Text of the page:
Particle Characterisation of Traditional Homeopathically Manufactured Medicine Cuprum metallicum and Controls

Authors

  • Michel Van Wassenhoven GIRI

DOI:

https://doi.org/10.51910/ijhdr.v20i4.1113

Keywords:

Nanoparticles, Particles, Cuprum metallicum, Copper, Lactose, Kalium muriaticum, Potassium chloride, Homeopathy, Potentization, Dynamization, Pharmacology, Nanoparticle tracking analysis (NTA)

Abstract

Background: Homeopathy is highly controversial. The main reason for this is its use of very highly dilute medicines (high homeopathic potencies, HHP), diluted beyond the Avogadro/Loschmidt limit. Research using several different methods has demonstrated the presence of particles, including nanoparticles of source material, in HHPs. This study aims to verify the results of a previous publication that detected the presence of particles in all dilutions.

Methods: We used the Nano Tracking Analyzer (NTA) to examine dilutions of a commonly used homeopathic medicine, an insoluble metal, Cuprum metallicum, for the presence of particles. The homeopathic medicines tested were specially prepared according to the European pharmacopoeia standards. We compared the homeopathic dilutions/dynamizations with simple dilutions and controls including a soluble medicine.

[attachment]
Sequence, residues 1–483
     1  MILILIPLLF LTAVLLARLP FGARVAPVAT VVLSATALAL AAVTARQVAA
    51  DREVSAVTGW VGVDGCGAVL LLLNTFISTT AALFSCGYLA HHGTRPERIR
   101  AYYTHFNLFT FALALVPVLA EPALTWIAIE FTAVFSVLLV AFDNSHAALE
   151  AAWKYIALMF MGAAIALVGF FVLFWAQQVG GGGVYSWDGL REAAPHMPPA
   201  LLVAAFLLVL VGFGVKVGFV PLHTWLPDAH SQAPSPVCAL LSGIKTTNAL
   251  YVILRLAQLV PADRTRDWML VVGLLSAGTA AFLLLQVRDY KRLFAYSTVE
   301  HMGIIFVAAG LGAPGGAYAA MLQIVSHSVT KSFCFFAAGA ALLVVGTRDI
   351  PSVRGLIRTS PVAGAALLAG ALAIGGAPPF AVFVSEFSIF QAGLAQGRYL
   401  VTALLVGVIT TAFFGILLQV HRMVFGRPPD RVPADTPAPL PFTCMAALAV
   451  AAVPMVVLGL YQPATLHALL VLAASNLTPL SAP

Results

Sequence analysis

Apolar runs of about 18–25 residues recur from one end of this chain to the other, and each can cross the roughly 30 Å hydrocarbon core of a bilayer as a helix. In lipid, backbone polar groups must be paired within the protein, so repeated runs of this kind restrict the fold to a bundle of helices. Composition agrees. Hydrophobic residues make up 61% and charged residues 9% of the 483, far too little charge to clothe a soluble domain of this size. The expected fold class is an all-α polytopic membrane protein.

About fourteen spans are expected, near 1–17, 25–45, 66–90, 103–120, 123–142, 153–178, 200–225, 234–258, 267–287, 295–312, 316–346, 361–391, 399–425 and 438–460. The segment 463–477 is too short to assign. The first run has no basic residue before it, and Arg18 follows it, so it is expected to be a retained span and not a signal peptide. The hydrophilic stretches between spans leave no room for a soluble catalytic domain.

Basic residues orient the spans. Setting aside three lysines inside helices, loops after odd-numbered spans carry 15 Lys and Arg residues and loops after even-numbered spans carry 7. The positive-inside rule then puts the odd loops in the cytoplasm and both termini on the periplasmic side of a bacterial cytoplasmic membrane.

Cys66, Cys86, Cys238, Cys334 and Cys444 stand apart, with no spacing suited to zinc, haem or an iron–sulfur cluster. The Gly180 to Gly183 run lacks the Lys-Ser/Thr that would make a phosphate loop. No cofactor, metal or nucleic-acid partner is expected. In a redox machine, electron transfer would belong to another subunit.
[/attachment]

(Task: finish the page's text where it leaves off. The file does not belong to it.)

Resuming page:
Results: We observed the presence of solid material in all preparations including HHPs (except for pure water). The measurements showed significant differences in particle sizes distribution between homeopathic manufacturing lines and controls.

Conclusion: Homeopathic medicines do contain material with a specific size distribution even in HHPs diluted beyond the Avogadro/Loschmidt limit. This specificity can be attributed to the manufacturing and potentization process. This material demonstrates that the step-by-step process (dynamized or not) does not match the theoretical expectations in a dilution process. The starting material and dilution/dynamization method influences the nature and concentration of these NPs.

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Published

2022-02-01

Issue

Section

Fundamental Research (Physics and Chemistry)